VANCOUVER — The David Suzuki Foundation applauds the federal government's decision to make information about Canada's major fish stocks and fisheries available to the public for the first time.
"After many years of advocating for greater public access to information, we're encouraged to see the government putting this information online," said Foundation senior research scientist Scott Wallace.
Fisheries and Oceans Canada's website now includes yearly updates about fisheries management for 159 major fish stocks, ranging from stock status and bycatch to lost gear and species at risk. "For too long we've been unable to access our government's assessment of how well they're managing Canada's fisheries. This information will help not only scientists but also the fishing industry and other stakeholders to make better decisions to improve fisheries," Wallace said.
Stepping up actions to make information about fisheries and fish health more available also responds to concerns about information gaps raised earlier this year by Commissioner of the Environment and Sustainable Development Julie Gelfand. The commissioner's audit was unable to find health information for more than half of Canada's major fish stocks. In addition, 15 major fish stocks were found to be in critical condition and still being fished, with no rebuilding plans for 12 of them.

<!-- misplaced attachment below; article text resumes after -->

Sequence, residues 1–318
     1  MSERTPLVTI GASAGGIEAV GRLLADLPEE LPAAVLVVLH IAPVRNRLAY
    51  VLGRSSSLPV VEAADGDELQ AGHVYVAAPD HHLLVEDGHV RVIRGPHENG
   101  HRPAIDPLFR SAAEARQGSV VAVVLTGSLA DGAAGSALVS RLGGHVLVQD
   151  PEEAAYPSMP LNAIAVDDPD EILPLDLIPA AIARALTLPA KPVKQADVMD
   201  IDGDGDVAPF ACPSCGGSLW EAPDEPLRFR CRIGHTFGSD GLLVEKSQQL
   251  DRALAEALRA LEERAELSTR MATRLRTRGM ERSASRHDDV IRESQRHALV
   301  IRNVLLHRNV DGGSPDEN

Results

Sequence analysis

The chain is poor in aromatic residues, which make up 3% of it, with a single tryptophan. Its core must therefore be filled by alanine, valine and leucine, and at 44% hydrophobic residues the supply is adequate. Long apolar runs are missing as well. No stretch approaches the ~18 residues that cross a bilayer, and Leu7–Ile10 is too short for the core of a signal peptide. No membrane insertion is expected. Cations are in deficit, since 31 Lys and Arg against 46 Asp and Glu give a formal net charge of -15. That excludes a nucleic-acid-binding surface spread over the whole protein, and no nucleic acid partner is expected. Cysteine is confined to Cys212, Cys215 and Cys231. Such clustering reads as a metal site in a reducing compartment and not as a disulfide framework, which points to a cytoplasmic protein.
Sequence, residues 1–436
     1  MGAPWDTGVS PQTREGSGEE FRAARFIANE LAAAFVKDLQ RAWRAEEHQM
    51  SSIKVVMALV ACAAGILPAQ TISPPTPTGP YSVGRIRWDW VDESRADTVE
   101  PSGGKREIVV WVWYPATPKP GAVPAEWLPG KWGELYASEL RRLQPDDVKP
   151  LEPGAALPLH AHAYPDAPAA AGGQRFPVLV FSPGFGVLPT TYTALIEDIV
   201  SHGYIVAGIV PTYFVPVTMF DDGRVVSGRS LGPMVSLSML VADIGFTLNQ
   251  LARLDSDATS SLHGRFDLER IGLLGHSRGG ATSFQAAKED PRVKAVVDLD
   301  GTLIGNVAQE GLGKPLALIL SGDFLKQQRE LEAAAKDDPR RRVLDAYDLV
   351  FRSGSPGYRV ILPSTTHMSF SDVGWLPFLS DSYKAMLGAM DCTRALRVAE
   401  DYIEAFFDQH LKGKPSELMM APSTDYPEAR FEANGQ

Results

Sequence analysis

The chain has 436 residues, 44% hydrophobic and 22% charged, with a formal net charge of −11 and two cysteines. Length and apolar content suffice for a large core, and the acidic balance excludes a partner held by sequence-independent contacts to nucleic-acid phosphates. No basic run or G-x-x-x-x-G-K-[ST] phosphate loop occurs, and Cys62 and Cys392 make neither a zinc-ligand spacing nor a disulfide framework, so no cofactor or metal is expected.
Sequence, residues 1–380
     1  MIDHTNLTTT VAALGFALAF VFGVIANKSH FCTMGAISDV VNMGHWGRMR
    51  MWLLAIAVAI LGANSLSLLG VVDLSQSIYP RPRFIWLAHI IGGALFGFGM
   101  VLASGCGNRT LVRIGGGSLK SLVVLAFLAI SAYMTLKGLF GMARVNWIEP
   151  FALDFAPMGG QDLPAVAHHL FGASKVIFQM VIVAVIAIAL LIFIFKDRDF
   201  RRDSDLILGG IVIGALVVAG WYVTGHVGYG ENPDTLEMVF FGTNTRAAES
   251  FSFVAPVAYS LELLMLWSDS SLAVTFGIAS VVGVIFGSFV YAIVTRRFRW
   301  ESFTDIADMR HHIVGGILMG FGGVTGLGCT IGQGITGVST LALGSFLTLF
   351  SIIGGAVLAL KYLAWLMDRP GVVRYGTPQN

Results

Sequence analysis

"Canadians care about the health of our oceans and our country's ability to sustainably manage marine resources. Now they can use this knowledge to work constructively with decision-makers, better understand the issues and complexities of fisheries management and engage as concerned citizens to protect fish in their communities," Wallace said.
Fisheries and Oceans Canada Sustainability Survey for Fisheries: http://www.dfo-mpo.gc.ca/fm-gp/peches-fisheries/fish-ren-peche/sff-cpd/survey-sondage/index-en.html
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Scott Wallace, Senior Research Scientist, David Suzuki Foundation
Theresa Beer, Senior Communications Specialist, David Suzuki Foundation